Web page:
remember his creative pre-DNA-test solution to the problem of adjudicating

the contested issue of maternity between two women making competing

parental claims to the same infant. The wise king’s proposed solution,

which he sprang on the women when he suggested splitting the baby in two

while he watched the reactions of both claimants to motherhood, was the

very essence of neutrality and objectivity. But it was hardly passive! It was

as active as all get-out. Solomon’s wisdom sprang from making justice an

active verb.

If some of the things I’ll be asking of you, in your capacity as chief justices

and as occupants of the bully pulpits in your respective states, will resemble

judicial “activism,” they will bear no resemblance to activism of an

ideological stripe, right or left, but will bear the “activist” label only to the

degree that activism is understood as the opposite of passivity – a passivity

that disclaims responsibility for the systems of which you are, after all, the


One inspiring example of the “good” judicial activism I’ve just described is

taking place in Philadelphia, where a trial judge named Annette Rizzo

launched an innovative mortgage mediation project. Judge Rizzo was

initially asked by a particularly progressive sheriff to issue an area-wide

moratorium on foreclosure sales, which were ravaging Philadelphia

neighborhoods. Judge Rizzo, taking a leaf out of John Marshall’s book,

declined to issue that specific relief – which would undoubtedly have

garnered her the “bad” judicial activist label – and instead took the

opportunity literally to restructure the foreclosure system in Philadelphia.

She issued an order that no foreclosure sale could win judicial approval

before the lender had at least entered into good-faith mediation with the

homeowner, aided by a state-funded housing counselor. The mayor’s office

got on board, the relevant stakeholders (including the lenders) offered input,

and the program was off and running. My staff and I paid a visit to Judge

Rizzo’s courtroom and witnessed the program, which has successfully kept

hundreds of families in their homes and permitted many others to achieve

more dignified and graceful exits than would otherwise have been

possible. 11 And, in case you’re dubious that Judge Rizzo’s efforts could

take hold in your backyard, you should know that jurisdictions from Orange

County, California to Boston to Louisville, in judicial- and non-judicial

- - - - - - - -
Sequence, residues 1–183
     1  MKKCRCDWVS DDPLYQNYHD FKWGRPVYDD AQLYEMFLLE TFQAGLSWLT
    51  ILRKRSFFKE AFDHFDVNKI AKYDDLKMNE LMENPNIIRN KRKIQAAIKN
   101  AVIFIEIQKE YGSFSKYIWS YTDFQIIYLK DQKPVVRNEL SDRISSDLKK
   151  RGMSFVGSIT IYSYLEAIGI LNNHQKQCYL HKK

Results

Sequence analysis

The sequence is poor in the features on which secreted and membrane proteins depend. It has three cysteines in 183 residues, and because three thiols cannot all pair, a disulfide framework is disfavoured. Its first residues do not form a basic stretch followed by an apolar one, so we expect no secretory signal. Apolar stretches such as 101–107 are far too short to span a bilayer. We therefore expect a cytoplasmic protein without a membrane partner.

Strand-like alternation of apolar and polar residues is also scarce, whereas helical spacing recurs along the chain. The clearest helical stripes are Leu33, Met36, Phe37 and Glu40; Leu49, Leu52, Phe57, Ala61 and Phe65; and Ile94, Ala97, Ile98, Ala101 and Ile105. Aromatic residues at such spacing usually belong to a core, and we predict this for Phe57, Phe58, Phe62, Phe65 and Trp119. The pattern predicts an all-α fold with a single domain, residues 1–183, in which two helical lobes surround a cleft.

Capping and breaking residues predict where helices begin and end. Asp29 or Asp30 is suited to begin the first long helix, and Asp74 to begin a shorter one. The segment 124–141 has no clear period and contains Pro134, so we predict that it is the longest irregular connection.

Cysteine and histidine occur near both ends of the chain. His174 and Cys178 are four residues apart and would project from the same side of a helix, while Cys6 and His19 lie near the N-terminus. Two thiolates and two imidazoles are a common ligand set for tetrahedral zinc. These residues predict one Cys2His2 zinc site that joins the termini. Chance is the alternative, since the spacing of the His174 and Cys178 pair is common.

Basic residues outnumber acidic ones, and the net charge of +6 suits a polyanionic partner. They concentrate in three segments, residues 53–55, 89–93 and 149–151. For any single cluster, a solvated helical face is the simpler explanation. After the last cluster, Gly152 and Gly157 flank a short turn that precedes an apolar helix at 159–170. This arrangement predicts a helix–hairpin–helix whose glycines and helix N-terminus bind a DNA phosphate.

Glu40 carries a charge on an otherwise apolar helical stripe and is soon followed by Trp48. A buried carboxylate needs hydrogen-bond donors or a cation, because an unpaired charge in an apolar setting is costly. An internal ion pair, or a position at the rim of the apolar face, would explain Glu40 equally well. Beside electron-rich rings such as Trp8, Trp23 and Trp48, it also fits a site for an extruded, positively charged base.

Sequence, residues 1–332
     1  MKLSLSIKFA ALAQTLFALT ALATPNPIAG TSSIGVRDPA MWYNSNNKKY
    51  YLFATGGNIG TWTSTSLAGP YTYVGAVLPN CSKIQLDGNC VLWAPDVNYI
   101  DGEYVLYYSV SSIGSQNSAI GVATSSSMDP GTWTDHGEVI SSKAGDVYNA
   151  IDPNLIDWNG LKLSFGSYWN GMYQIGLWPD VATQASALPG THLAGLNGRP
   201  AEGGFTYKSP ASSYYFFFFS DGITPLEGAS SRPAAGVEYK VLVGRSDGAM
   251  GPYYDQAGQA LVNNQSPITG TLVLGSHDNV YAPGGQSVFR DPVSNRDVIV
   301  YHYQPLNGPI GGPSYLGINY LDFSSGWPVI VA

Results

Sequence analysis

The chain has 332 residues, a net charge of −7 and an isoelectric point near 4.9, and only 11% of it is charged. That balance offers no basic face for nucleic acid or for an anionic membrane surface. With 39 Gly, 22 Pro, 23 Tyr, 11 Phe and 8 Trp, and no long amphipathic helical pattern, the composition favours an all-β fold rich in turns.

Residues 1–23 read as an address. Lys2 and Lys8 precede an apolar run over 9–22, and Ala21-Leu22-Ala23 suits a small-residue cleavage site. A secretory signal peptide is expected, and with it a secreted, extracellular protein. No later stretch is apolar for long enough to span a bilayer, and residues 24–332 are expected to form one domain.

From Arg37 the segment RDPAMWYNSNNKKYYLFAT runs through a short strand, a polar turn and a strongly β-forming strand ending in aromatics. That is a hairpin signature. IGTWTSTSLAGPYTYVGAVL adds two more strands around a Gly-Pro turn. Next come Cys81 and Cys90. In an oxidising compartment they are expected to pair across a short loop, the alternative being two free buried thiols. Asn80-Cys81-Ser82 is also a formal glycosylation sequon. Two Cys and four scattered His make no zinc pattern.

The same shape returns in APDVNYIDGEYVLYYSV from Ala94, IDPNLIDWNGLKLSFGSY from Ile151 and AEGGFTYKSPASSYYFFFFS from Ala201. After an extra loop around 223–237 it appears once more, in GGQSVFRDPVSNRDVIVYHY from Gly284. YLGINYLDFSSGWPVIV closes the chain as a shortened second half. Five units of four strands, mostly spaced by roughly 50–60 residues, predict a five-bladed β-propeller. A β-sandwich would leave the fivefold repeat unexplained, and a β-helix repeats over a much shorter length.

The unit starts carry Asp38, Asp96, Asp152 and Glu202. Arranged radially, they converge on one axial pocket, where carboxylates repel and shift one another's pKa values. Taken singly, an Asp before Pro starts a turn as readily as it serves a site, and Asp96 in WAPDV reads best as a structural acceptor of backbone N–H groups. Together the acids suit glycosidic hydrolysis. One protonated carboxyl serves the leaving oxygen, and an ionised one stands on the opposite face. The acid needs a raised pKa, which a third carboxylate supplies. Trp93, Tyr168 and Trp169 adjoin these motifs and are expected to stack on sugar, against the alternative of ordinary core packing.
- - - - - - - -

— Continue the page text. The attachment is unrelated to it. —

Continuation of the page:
foreclosure states alike, are implementing similar programs.

Important reform efforts have also been initiated by state supreme court

justices, as with the significant indigent defense reform effort spurred by the

Nevada Supreme Court, which issued an order in 2008 calling for a

completely state-funded Public Defender system and a permanent statewide

commission on indigent defense. 12 Although the Nevada reform effort is

ongoing and there is still much work to be done, that state’s high court

heroically chose to address systemic deficiencies in its system for fulfilling

the obligation imposed by the Sixth Amendment under Gideon – and the


promise of equal justice made by Gideon – without being asked to do so in a

specific case. Of course, once asked to address the question of systemic

deprivation of the protections that Gideon affords, it takes just as heroic a

court to answer the call, as the New York Court of Appeals recently did

under the visionary leadership of its Chief, Jonathan Lippman, in permitting

the plaintiffs’ lawsuit to go forward in Hurrell-Harring v. State of New

York. 13

I would urge every state’s highest court, led by every state’s chief justice, to

establish an exploratory committee or task force with the goal of surveying

the performance and evaluating the adequacy of the way your state is

discharging its federal constitutional duty under Gideon. Judicial leadership

of the sort shown in Nevada and New York and elsewhere is necessary if

Gideon’s promise is to become more than what Robert Jackson once called a

“promise to the ear to be broken to the hope, like a munificent bequest in a

pauper’s will.”

Now, without further ado, let me turn to the first of the three particular areas

of reform that I intend to discuss with you today: juvenile justice.

I want all of you here to ensure that what happened in Luzerne County,

Pennsylvania between 2003 and 2008 never happens again. 14 As I imagine

you all know, thousands of kids waived counsel and accepted pleas – in a

system designed so that judges could receive kickbacks for placing children